Our wild-harvest practices seek to minimize impact on the forest (and to improve forest health) through the use of intelligent and sustainable pruning. Bottom branches of trees are carefully pruned, leaving the middle layers and canopy intact. This ensures the tree will have plenty of branches left to thrive while providing the benefits of increased airflow and light for saplings (while removing invasives) at the forest floor.
Some of our species are not common at lower elevations so we work with the U.S. Forest Service and acquire permits for harvests in National Forests. The USFS provides guidance towards a healthy intersection between species preservation, active forest management, wild-fire mitigation and sustainable harvesting. The Spruce stand in the above photos was very tangibly saved from a severe forest fire that swept right over this peak the year following our harvest!
In the following video, Ian discusses some of the sustainability issues with harvesting for essential oil production and ways that we work to meet the ecosystems’ needs first.
Seasonally, we are blessed with perennial and annual “weeds” such as Goldenrod, Mugwort, Yarrow and many others. For these batches there is less of a sustainability concern as populations are prolific but we still make sure to leave dispersed stands of flowers for pollinators and genetic diversity. Harvesting for these seasonal batches is a labor-intensive process so we have only produced a few to date, but we are working hard to do more of these very special distillations. If a species is endangered or under threat, we will not wild-harvest it (such as the Eastern Hemlock tree, threatened by the Hemlock Woolly Adelgid).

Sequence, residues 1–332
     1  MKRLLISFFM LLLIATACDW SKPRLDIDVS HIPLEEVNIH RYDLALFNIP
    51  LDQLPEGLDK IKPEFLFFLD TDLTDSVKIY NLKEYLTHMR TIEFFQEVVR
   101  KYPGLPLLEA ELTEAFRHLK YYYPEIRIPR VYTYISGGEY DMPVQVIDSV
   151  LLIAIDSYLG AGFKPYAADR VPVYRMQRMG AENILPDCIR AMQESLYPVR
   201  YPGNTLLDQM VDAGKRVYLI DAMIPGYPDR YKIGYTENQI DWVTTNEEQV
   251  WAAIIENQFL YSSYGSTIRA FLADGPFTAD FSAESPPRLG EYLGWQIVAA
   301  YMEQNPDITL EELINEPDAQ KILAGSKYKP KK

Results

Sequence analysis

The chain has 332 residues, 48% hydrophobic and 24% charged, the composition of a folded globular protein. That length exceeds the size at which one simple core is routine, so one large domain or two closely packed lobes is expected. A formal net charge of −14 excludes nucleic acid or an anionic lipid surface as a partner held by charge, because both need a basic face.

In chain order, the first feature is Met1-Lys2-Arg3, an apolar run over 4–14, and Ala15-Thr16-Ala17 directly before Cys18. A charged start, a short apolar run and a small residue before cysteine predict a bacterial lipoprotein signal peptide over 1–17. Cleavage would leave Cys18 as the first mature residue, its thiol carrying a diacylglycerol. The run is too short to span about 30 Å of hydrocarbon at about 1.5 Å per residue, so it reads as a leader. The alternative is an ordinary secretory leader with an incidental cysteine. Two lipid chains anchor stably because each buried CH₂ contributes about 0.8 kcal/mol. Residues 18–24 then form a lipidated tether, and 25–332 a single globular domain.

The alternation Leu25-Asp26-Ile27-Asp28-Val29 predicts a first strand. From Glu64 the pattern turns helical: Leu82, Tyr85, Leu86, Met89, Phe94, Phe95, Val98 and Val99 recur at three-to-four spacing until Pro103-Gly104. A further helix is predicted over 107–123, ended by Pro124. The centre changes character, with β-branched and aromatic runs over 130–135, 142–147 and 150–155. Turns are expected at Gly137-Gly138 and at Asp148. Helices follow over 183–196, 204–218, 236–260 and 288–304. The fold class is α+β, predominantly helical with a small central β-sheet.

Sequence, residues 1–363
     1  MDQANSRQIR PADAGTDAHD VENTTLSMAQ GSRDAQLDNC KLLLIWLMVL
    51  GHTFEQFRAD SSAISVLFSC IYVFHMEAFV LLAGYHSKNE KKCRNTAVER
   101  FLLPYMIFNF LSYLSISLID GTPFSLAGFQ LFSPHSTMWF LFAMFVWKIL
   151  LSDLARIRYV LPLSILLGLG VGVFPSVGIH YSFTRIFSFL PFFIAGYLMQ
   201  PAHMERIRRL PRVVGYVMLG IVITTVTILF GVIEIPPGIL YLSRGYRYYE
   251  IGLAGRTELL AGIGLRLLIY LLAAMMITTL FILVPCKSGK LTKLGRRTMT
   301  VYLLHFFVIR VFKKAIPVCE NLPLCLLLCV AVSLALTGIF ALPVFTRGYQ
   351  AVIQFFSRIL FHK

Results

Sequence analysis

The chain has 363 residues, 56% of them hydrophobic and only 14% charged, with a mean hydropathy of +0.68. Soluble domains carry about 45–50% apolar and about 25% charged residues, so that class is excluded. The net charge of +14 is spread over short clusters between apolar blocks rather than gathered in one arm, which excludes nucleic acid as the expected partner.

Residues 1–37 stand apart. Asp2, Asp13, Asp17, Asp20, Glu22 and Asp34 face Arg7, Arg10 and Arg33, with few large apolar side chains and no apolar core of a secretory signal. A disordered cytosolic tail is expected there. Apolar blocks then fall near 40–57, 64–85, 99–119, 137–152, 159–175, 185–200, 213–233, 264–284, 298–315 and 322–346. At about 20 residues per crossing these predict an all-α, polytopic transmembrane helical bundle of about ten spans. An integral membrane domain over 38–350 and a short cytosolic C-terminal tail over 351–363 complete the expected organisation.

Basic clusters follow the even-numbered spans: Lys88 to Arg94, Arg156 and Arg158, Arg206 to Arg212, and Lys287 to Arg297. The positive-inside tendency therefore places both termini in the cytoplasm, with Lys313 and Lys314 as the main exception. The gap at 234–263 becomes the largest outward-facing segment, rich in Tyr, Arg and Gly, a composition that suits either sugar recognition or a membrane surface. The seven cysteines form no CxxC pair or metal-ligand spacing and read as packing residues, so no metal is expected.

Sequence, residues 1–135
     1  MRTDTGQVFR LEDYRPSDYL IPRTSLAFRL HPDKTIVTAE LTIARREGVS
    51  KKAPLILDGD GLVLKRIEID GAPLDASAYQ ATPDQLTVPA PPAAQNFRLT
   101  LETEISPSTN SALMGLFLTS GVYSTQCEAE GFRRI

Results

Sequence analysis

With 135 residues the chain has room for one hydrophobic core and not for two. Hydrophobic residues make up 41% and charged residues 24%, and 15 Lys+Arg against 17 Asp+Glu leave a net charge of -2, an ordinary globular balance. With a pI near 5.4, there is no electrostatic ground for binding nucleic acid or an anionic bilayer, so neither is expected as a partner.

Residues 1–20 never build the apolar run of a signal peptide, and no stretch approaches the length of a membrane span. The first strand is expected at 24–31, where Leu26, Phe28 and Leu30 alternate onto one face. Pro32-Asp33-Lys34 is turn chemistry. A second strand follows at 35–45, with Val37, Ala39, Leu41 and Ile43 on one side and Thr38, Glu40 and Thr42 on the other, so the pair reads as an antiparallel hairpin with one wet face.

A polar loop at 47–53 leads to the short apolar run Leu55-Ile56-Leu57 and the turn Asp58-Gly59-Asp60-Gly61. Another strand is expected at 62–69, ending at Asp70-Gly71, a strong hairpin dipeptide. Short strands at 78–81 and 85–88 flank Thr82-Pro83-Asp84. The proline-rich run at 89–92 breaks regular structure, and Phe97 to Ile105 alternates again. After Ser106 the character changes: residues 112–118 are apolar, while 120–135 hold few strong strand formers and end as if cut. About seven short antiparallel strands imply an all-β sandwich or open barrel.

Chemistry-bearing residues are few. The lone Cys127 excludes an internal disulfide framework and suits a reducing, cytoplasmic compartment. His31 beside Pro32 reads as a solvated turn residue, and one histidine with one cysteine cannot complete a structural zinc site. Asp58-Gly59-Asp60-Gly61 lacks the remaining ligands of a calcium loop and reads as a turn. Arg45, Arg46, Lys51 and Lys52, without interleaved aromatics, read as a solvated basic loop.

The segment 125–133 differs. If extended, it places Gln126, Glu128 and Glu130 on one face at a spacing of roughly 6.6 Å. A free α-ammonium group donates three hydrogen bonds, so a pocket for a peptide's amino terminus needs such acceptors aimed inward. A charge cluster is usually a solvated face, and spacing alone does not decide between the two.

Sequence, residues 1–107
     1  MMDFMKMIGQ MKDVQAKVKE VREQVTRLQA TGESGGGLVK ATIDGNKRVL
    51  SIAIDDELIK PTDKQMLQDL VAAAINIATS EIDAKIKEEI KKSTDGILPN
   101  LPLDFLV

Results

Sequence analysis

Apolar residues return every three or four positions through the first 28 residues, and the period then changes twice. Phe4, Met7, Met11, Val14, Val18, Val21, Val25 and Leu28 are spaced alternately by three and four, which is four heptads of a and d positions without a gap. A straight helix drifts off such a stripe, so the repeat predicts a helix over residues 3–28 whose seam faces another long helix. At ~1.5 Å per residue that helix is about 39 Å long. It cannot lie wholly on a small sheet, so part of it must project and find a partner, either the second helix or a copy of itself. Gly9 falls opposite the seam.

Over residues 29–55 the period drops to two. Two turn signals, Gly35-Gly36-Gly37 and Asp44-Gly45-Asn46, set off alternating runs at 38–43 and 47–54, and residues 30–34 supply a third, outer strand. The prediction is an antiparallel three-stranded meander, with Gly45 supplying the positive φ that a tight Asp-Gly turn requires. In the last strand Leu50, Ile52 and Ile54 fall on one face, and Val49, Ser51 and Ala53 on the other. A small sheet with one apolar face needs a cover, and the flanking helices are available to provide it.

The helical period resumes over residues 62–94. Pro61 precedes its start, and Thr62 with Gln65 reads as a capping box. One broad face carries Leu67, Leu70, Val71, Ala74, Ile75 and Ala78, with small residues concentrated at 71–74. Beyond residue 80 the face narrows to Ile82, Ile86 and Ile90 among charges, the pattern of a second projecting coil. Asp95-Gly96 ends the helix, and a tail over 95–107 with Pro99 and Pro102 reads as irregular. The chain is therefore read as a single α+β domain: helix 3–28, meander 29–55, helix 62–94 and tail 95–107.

Waste as Food
Wherever possible, we pursue the Cradle to Cradle principal; “waste” from one system serves as feedstock for another system. We source most of our conifer batches from storm-damaged trees, no-spray landscaping trimmings or existing forest/land-clearing and development projects. Our Ginger essential oil is made from “waste” organic Ginger root pulp that was juiced by another business. All of our spent distillation materials are composted or used as mulch.
Our Forest Farm
Our distillery is on a remote 45-acre forest farm at the back of a cove along the Big Laurel Creek in Madison County, NC. This wilderness has incredible biodiversity, 3,400′ peaks and many native species that are rare to find in significant populations elsewhere. We have a few acres of terraced field that we organically cultivate with various Basils, Lemon Balm and Lavender (we hope to have Lavender oil available in July 2023). The terraced garden sits at 2,800′ elevation and is drip-irrigated with the abundant spring water that constantly spills from the Walnut Mountains ridgeline. Additionally, populations of unique herbs/shrubs are being encouraged/expanded in a wild-simulated manner. These currently include: Shiso/Perrilla, Tagetes minuta (Mexican Marigold), Catnip, Spicebush, Sweetshrub and Chocolate Mint.
For our cultivated rows, we use a minimal-till approach. Initially, the ground is tilled to make a new row and organic potting soil is added to each plant site. Every following year, we simply add plant-based compost made from our spent distillation materials. The diverse combination of plant types that we work with (from starch-rich ginger root to shredded conifer branches) creates a nice, fluffy compost that aptly complements our dense clay and quartz subsoil. The distillation process essentially cooks many of the nutrients out of our compost, but that works out well since the clay-based subsoil is mineral-rich and the forest topsoil is nutrient-rich.
We do anticipate the eventual need to add nitrogen to our cultivation rows. Our long-term vision for the forest farm includes a few minimal-impact development sites. If a new section of forest is cleared/developed, some topsoil will be harvested from the site and used as cultivation soil amendment.